The double double remains on. Part one of repeating Mo Farah's feat from London is complete, the 10000m World title that had previously eluded him achieved with a compelling victory, fittingly achieved exactly a year to the day he won the second of his two Olympic golds.
In five days time, he will have the chance to repeat that London double. Only one man has followed an Olympic double in the 5000m and 10000m with the same at the subsequent World Championships, the great Kenenisa Bekele. On last night's evidence, few would bet against Farah.
There were signs in the home straight that Bekele's solo record may remain intact as the Londoner came under threat from the potent finishing of Bekele's countryman Ibrahim Jeilan. It was so nearly the same script as the last World Championships where Farah had been tipped to win gold in the 10000m only for Jeilan to just edge him out.
Two years on, there was that same wide-eyed panic on the Londoner's face but it proved shortlived as his improved pace held off a similarly fast-finishing Jeilan with just enough room to breathe in a 54-second last lap. It proved a script with a very different ending.
The familiar sights from London - the big outstretched arms and wide smile - were on show again as he crossed the line, the big difference the lack of numbers in the stands, the stadium barely a third full. But those in attendance were well aware of the stellar athlete on the track.
With this victory, it comfortably cemented himself as Britain's greatest ever distance runner and the planet's current benchmark. With two Olympic and now two world titles to his name, unprecedented for a British athlete, he is unquestionably in the pantheon of British athletics greats, and you could comfortably argue for his status as No.1.
"I remember two years ago almost exactly the same thing happened," said Farah running the rule over the race. "This time I knew Jeilan and what he was capable of. I was like God, you've got to make this last lap worth it but have something left at the end. At 200m, I could see him clicking through. He was right there. I was thinking 'not again, not again, not again'."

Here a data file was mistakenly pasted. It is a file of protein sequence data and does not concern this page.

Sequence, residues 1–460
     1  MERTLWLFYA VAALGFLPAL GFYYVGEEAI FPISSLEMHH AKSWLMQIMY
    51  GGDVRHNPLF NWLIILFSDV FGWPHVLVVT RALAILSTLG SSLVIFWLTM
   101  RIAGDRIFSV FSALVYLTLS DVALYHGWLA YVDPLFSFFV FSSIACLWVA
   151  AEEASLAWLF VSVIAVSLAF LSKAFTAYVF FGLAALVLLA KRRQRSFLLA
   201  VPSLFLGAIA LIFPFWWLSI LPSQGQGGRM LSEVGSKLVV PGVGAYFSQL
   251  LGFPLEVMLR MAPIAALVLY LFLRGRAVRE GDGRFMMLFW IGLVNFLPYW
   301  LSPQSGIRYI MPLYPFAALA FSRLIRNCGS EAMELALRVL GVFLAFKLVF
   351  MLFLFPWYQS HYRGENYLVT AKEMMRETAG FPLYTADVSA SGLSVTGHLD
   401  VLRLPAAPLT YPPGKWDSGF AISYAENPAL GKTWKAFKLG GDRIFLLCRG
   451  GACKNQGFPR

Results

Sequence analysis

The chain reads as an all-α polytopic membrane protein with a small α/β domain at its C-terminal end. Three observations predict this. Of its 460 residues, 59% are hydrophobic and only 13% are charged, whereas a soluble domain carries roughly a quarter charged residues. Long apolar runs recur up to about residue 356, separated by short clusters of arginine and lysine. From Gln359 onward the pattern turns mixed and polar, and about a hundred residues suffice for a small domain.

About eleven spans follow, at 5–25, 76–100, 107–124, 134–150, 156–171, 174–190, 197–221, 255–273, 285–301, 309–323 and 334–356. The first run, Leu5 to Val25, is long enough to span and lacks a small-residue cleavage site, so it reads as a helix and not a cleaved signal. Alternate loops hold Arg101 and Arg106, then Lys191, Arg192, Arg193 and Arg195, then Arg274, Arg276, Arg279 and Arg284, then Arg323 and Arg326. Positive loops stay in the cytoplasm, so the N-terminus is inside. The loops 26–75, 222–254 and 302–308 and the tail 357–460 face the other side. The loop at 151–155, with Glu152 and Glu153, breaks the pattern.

It was the perfect start for the British team. UK Athletics Neil Black had talked about this being a banker. In fact, Farah boasts Britain's two best bets for gold. The requirement was for him to win, in so doing hopefully act as a springboard for the rest of the team.
On a personal level, Farah admitted it had made the sacrifices of being away from home training and competing worth it. At last month's Sainsbury's Anniversary Games in London, he admitted one of his twin daughters had not even recognised him. As in his home town, the family were once more in the stands in Moscow.
It was a sure sign that the Olympic hangover to have plagued many of the world's top athletes was not an issue for him. This was an evening about revenge and redemption. For all of his London heroics, this was the one that had got away.
It was befitting that an Ethiopian should have been the one to push Farah so close once more. It was another Ethiopian, Haile Gebrselassie, who had inspired Farah to relocate to the United States to work with Alberto Salazar's Project Oregon, Gebrselassie suggesting Farah lacked the wherewithal to beat the Ethiopian or Kenyan contingent.
Ironically, two-and-a-half years after teaming up with Salazar, it was the Ethiopians looking nervously at Farah's every move, who ran his race, with a clearly preordained strategy by Salazar to aplomb.
He barely walked off the line to take his place at the back of the field, a wise choice with 35 runners and the inevitable earlier melée as his fellow competitors jostled for position. It was unfamiliar territory as he ran well within the paramaters of his ample capabilities.
He made his mark on the race for the first time on lap six going from dead last to the very front, in a bid to slow the pace. It was a yo-yoing tactic he continued to use, almost toying with Africa's finest, before slotting back into 15th lap barely a stride or two away from training partner Galen Rupp, with whom Farah runs five times a week up to 20 miles at a time, in the process.
Much like a lion stalking its prey, Farah was always inevitably going to pounce on his victims and, with seven laps left, he upped his long, languid stride as Bedan Muchiri of Kenya raised the tempo. It was with four-and-a-half laps remaining that Farah finally moved in front, taking a his second minor tumble of the race in the process. It was the last wrong foot he laid on the blue track.
By the bell, where Farah had predicted he would win if in the top three, that lead group was down to five. The inevitable Farah kick then came. For much of this season, that has been it, a gap emerging with alarming rapidity and a solo sprint to the line ensuing. This was anything but as Jeilan, free from the injury problems of last season, showed he was once more the form African distance runner. His only problem was Farah had just a little more left in the tank to take the victory with Kenya's Paul Tanui in third.
With that win, out came the Union Jack with the words "Fly Mo". That flag looks likely to be unfurled again on Friday.Reuse content